Melanoma Research Alliance Applauds Advisory Panel Member Jim Allison for Nobel Prize in Medicine
WASHINGTON--(BUSINESS WIRE)--Oct 1, 2018--The Melanoma Research Alliance (MRA), the largest non-profit funder of melanoma research worldwide, congratulated Dr. James P. Allison, of the M.D. Anderson Cancer Center at the University of Texas, for his award as one of two recipients of the 2018 Nobel Prize in Medicine or Physiology for his pioneering work in immunotherapy that has transformed the way melanoma and many other cancers are now treated.
Allison, who serves on MRA’s Scientific Advisory Panel, has received research support from MRA and served as a keynote speaker at MRA’s Seventh Annual Scientific Retreat. Dr. Tasuku Honjo of the University of Kyoto was jointly named as a recipient of this year’s Nobel Prize for his work on a different, but related immune brake called PD-1.
“We are absolutely thrilled to hear that Drs. Allison and Honjo were awarded the 2018 Nobel Prize in Medicine,” said MRA President & CEO Michael Kaplan. “Immune checkpoint blockade has transformed the way melanoma and many other cancers are treated, giving patients and their families better treatment options and renewed hope.”
Dr. Allison is credited with discovering how to “turn off” the brakes on the body’s immune system, enabling the body’s own immune system to fight cancer. This pioneering work laid the foundation for the development of the drug ipilimumab, also known as Yervoy®, among many other melanoma drugs, which blocks the activity of a molecule, called CTLA-4, which is a protein that prevents T cells from attacking normal body cells and cancer cells. Ipilimumab works to activate T cells so they can multiply and attack melanoma cells anywhere in the body. Immunotherapies have been significantly more effective in treating advanced melanoma than anything previously developed.
The contributions of these two researchers and many others, have resulted in monumental change for patients as a result of immunotherapy drugs first approved for melanoma and now being used in more than 10 cancer types.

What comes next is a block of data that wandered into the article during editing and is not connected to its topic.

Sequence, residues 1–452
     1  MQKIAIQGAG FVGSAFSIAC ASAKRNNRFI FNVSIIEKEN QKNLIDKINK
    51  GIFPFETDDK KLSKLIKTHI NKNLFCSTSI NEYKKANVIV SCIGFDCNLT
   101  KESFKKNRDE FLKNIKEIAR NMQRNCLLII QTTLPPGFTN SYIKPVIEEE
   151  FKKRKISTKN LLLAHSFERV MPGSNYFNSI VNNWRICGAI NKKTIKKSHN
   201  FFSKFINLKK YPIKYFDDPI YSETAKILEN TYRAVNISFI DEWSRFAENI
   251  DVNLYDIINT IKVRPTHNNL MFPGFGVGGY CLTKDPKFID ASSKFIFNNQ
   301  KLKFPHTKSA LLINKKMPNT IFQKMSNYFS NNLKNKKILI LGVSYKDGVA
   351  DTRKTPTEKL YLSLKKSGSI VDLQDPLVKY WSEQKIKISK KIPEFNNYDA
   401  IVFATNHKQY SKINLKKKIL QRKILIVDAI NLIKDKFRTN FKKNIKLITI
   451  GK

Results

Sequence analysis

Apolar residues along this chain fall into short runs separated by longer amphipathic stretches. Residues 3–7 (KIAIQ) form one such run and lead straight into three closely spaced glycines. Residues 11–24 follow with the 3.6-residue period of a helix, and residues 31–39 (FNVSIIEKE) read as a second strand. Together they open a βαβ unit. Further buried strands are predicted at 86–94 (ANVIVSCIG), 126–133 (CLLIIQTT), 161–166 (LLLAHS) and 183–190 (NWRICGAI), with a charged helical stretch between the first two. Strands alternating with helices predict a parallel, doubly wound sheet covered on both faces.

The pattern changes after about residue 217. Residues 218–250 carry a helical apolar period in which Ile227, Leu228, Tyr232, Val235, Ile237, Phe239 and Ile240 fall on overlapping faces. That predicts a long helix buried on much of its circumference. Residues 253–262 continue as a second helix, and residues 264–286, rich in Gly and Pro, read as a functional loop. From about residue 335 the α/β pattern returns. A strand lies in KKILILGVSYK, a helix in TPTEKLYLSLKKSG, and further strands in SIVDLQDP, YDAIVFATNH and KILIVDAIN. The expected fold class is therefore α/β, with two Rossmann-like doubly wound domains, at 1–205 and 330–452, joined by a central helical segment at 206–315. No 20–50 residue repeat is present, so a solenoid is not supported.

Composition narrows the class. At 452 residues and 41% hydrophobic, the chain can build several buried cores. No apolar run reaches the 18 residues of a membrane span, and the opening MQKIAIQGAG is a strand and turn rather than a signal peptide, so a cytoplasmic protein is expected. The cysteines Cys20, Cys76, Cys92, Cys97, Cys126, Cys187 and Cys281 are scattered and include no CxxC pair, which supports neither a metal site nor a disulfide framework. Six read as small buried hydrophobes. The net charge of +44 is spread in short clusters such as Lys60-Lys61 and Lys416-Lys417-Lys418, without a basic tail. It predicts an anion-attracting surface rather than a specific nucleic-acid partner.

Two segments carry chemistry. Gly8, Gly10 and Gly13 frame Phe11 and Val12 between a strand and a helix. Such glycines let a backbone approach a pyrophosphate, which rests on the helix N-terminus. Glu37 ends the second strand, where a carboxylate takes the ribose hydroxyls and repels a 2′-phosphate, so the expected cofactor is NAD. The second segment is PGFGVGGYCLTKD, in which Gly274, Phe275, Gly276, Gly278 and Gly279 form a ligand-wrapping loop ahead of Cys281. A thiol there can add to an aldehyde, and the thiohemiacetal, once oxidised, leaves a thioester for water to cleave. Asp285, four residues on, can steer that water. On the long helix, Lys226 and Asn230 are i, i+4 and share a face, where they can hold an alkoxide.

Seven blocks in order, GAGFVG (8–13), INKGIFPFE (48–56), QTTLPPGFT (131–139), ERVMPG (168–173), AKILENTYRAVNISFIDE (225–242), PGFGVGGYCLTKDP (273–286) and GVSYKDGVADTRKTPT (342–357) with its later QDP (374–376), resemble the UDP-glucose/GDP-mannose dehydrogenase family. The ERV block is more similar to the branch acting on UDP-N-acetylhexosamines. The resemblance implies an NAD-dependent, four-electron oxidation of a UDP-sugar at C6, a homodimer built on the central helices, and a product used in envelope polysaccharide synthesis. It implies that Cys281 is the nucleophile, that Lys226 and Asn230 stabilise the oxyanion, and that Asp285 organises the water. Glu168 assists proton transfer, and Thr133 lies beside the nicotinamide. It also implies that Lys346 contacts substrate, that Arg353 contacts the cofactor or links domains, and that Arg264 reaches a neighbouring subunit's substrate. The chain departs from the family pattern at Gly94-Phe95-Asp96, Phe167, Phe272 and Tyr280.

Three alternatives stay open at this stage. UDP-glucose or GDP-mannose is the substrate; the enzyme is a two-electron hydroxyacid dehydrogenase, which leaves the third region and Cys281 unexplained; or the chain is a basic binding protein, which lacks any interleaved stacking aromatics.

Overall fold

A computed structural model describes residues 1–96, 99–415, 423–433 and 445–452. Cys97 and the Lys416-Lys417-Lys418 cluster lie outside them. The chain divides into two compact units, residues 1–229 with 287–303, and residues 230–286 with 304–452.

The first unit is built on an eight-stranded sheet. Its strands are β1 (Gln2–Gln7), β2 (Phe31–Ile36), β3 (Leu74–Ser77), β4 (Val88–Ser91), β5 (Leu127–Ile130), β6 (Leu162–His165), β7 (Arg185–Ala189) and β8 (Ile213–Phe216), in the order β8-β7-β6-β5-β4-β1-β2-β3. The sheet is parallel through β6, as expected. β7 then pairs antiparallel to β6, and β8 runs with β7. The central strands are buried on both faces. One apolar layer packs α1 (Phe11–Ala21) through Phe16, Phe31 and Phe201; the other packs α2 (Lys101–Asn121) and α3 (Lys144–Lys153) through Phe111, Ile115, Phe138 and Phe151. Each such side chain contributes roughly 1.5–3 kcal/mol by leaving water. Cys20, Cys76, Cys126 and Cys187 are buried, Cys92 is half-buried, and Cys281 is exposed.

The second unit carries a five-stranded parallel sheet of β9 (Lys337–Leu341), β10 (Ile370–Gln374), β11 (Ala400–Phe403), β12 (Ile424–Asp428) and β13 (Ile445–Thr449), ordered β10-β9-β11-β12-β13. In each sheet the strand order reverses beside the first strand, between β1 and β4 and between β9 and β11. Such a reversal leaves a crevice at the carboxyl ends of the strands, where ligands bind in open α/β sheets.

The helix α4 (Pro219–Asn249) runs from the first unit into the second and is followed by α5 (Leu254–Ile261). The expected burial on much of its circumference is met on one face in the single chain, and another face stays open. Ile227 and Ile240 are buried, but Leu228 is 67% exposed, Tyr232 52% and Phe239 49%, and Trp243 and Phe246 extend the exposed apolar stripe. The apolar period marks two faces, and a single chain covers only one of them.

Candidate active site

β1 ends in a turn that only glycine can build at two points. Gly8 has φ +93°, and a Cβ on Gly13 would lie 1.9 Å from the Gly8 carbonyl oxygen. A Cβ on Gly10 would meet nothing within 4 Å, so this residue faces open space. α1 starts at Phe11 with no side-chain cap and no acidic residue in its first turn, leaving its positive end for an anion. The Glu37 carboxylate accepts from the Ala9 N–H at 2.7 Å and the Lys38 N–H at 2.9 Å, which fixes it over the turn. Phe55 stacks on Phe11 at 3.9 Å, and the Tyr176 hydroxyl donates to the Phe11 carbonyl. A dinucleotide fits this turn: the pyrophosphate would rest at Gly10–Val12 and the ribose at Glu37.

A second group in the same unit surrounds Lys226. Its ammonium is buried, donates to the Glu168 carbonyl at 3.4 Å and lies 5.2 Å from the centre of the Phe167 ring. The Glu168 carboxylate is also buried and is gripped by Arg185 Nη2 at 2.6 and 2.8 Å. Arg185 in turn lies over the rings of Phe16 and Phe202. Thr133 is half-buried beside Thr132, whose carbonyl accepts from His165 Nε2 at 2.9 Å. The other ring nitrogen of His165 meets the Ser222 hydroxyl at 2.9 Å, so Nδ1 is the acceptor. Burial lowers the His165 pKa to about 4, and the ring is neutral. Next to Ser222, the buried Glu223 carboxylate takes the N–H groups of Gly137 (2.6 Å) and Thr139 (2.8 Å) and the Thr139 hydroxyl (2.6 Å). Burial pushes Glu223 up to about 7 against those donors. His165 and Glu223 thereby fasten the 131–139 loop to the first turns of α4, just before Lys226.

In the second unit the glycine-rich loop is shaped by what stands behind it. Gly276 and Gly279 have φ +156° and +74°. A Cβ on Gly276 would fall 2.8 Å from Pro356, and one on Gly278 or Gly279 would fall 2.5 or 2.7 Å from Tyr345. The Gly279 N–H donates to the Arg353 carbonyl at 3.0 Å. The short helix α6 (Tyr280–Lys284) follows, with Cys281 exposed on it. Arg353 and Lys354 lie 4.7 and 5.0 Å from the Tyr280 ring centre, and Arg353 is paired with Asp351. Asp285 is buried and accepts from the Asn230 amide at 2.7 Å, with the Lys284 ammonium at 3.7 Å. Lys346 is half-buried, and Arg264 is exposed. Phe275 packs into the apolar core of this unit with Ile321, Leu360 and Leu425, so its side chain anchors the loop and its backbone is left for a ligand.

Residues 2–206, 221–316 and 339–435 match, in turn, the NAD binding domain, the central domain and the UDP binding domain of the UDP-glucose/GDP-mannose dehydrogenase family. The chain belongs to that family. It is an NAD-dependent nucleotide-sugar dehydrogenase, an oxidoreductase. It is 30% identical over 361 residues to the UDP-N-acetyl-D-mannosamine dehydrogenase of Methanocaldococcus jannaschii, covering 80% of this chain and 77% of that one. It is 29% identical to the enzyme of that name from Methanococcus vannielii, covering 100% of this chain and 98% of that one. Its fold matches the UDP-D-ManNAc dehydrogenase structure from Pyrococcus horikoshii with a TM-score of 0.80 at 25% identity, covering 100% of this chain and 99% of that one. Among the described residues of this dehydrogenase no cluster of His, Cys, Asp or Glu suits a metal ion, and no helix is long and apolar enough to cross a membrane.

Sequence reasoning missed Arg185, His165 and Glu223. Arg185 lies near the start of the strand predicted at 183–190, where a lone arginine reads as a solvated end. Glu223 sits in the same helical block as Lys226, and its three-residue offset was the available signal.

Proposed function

About Melanoma Research Alliance (MRA)
Founded in 2007 under the auspices of the Milken Institute, with the generous support of Debra and Leon Black, the Melanoma Research Alliance exists to accelerate treatment options and find a cure for melanoma. As the largest nonprofit funder of melanoma research, it has dedicated over $101 million and leveraged an additional $101 million towards its mission. Through its support, MRA has championed revolutions in immunotherapy, targeted therapies, novel combinations and diagnostics. Due to the ongoing support of its founders, 100 percent of donations to MRA go directly to its melanoma research program. MRA’s ability to fund wide-ranging research in melanoma is amplified by unique collaborations and partnerships with individuals, private foundations, and corporations. Visit http://www.CureMelanoma.org for more information.
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CONTACT: Melanoma Research Alliance
Cody R. Barnett, Director of Communications
M: (717) 880-7100
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SOURCE: Melanoma Research Alliance
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PUB: 10/01/2018 12:27 PM/DISC: 10/01/2018 12:27 PM